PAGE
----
The U.S. incentive travel market is in expansion mode, with nearly 40 percent of companies using travel to reward and recognize top performers, and budgets on the rise, according to the "Incentive Industry 2017 Outlook" report, released in January by the Incentive Research Foundation. And that means planners are looking to expand their destination options.
"Part of it is the strong dollar, and part is just budgets availing themselves more to being able to go farther out," says IRF president Melissa Van Dyke.
But companies continue to seek exciting places to motivate their employees, in order to avoid the "been there, done that" factor. So which places did they name? There were dozens -- no surprise, given how subjective a word like "excitement" is.
One planner said New York always makes the list for U.S. destinations. Some mentioned that "glamping" (glamorous camping) continues to interest groups, and praised The Resort at Paws Up, in Montana. And Costa Rica continues to lead the pack for eco incentives. But the latter two concepts are for select groups.
Some planners mentioned that having younger audiences means including more outdoor activities in programs. While that's true, what others noted, regardless of generation, is making activities more personalized, and creating really small groups for activities.
"The more intimate and experiential you can make it, it makes them feel like they live there," says Meg Pisani, director of supplier relations for Maritz Travel. "They're not going to get that touring as 25 people following someone with a hat and a flag. They'll feel like sheep being herded. Guests really want to be treated like individuals."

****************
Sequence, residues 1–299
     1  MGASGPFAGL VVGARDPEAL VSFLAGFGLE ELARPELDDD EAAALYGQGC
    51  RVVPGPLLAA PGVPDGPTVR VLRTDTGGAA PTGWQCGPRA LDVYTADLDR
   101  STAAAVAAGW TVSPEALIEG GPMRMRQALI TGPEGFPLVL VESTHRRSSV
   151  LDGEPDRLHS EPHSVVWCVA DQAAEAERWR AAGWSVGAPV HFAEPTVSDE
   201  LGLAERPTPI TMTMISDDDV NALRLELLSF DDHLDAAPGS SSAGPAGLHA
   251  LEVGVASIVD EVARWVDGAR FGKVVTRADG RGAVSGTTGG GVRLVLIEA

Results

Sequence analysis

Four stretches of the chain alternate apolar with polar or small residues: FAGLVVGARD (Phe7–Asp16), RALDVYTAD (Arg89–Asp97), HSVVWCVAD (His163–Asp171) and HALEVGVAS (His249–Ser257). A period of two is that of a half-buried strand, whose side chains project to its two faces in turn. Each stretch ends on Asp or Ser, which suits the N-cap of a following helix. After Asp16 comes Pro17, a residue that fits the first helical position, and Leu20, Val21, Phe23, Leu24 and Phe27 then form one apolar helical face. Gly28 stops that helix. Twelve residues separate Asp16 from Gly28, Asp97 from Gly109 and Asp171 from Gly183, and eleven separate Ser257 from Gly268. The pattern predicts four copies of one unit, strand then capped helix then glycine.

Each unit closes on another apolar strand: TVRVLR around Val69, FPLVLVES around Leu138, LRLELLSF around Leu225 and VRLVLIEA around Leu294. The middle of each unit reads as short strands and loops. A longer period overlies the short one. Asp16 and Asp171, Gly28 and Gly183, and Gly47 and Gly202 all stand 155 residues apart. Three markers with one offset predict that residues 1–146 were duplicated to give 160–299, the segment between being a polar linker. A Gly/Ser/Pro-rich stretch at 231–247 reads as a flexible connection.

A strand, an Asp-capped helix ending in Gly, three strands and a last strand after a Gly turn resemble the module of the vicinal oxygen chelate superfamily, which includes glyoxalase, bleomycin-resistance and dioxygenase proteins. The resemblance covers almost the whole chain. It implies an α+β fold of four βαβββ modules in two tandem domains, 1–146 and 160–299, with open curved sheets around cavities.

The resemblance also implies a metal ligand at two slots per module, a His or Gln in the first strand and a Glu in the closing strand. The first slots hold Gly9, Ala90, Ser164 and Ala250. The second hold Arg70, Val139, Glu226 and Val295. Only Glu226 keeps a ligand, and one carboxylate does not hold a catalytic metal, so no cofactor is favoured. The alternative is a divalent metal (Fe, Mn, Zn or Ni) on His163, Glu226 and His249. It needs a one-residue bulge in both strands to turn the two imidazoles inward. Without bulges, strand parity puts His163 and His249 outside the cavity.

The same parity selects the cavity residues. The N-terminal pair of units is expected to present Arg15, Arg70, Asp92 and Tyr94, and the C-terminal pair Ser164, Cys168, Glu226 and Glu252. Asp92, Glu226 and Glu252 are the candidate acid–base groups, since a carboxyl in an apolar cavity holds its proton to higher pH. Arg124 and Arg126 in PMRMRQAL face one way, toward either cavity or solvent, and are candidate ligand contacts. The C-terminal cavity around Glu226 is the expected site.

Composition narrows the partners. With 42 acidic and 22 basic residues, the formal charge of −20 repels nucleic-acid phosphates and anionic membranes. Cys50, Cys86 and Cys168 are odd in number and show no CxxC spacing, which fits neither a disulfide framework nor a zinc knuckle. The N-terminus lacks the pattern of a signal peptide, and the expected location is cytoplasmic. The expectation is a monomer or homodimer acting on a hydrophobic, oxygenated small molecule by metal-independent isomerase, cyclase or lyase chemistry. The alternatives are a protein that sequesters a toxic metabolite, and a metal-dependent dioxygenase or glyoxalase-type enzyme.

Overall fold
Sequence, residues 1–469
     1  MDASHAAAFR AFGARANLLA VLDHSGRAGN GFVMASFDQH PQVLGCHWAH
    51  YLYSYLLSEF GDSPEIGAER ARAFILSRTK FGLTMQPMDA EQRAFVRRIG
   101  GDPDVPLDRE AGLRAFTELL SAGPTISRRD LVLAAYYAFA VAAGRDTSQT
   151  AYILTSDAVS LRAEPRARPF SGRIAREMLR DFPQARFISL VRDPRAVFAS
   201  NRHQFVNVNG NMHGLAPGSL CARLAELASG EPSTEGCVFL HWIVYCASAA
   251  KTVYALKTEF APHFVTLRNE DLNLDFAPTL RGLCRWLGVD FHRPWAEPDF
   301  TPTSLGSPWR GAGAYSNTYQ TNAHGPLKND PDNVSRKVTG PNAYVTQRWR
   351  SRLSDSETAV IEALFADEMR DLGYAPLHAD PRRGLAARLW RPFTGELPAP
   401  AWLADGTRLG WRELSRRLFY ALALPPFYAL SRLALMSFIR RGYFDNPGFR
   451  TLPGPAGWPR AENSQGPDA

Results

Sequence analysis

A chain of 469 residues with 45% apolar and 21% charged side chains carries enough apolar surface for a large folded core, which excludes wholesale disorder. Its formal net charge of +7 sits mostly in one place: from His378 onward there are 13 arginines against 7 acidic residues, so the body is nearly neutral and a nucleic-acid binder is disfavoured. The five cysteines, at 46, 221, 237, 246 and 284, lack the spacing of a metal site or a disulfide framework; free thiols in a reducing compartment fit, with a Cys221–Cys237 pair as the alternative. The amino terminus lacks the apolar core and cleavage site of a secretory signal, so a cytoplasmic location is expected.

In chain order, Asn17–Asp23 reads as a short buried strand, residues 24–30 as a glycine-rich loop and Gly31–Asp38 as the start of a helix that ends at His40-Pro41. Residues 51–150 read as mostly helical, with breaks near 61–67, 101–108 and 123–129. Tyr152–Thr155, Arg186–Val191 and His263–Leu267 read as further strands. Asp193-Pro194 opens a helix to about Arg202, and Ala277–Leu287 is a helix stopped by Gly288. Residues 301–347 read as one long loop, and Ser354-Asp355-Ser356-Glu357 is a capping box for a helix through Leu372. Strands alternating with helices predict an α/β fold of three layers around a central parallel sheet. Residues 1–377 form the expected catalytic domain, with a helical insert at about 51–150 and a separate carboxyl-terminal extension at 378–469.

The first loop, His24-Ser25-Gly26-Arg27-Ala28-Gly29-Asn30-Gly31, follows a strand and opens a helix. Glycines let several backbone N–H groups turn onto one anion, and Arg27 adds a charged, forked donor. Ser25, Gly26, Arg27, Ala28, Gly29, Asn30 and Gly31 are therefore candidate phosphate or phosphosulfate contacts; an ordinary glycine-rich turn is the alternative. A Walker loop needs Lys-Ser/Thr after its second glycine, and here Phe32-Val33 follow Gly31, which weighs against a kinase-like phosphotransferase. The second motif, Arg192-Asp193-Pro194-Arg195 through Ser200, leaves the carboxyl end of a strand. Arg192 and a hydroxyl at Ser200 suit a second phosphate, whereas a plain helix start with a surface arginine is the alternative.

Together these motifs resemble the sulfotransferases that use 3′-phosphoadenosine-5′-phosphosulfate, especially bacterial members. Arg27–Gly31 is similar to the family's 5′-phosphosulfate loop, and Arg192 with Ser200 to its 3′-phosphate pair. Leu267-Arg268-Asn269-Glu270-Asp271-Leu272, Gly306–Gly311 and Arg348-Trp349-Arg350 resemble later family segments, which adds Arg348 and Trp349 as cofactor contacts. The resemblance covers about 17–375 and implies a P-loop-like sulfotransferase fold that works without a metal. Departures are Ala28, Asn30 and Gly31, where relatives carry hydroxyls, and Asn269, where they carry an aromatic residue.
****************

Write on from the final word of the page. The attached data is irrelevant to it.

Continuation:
It was hard to narrow the list, but here are the places that came up multiple times.
Planners practically crooned when they talked about this island in the Atlantic, which is attracting groups for its one-of-a-kind sights and outdoor adventures. "It's absolutely stellar," says Jo-Anne Helotes, principal of Progressive Inc.
A broadcast client brought 80 attendees to Iceland and activities included self-drive super Jeep tours (with 38-inch wheels to navigate the island's terrain), snowmobiling on the Langjökull Glacier, ATVing in back country, dogsledding, spelunking, ice hiking, and more. Naturally, there also were stargazing and seeing the Northern Lights.
For Bonnie Boisner, vice president of event management at Aimia, the response from groups to Iceland "has been off the charts." Another bonus: It's easy to get to from both North America and Europe.
A client's recent four-night sales program with 35 attendees featured some of the same elements, but also helicopter transfers to the glaciers, the Blue Lagoon hot spring, and snorkeling in the Silfra fissure -- which has 100 meters of underwater visibility and is located atop the North American and European divide. It's often rated as one of the world's top-10 dive sites.
"All those activities and the safeness, the closeness, and the ease of moving around all created an outstanding program," Boisner says.
From Michelin-starred restaurants
to Game of Thrones experiences,
Ireland has plenty for groups